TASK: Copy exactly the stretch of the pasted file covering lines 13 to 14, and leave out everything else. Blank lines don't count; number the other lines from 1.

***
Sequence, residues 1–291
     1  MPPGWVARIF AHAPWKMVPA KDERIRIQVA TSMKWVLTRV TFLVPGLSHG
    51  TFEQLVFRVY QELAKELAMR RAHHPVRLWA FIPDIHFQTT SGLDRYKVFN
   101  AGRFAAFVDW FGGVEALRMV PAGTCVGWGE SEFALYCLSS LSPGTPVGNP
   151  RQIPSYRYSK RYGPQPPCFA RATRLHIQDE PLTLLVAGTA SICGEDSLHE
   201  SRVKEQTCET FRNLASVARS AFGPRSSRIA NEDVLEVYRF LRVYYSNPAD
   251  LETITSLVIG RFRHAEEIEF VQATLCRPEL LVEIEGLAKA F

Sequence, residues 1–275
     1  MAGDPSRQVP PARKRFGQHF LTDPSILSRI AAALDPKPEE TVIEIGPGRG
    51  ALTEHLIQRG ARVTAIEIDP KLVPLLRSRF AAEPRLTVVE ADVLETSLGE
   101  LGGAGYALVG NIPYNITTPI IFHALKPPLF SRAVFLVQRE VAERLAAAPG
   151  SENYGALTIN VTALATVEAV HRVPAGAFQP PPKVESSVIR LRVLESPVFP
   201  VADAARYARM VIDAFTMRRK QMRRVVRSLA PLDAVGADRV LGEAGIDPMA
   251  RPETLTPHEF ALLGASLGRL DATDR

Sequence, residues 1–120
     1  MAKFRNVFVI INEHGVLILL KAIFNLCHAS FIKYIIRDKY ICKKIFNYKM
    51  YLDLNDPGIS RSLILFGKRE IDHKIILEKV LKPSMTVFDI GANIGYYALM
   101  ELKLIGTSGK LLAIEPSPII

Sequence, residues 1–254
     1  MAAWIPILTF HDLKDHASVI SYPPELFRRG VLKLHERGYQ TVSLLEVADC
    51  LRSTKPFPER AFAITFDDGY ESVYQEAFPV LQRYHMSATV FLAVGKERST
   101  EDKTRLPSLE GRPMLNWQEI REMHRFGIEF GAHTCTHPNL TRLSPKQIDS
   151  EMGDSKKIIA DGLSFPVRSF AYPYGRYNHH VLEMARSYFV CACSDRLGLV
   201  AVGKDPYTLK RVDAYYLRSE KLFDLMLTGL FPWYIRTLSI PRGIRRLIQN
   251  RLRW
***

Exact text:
   201  VADAARYARM VIDAFTMRRK QMRRVVRSLA PLDAVGADRV LGEAGIDPMA
   251  RPETLTPHEF ALLGASLGRL DATDR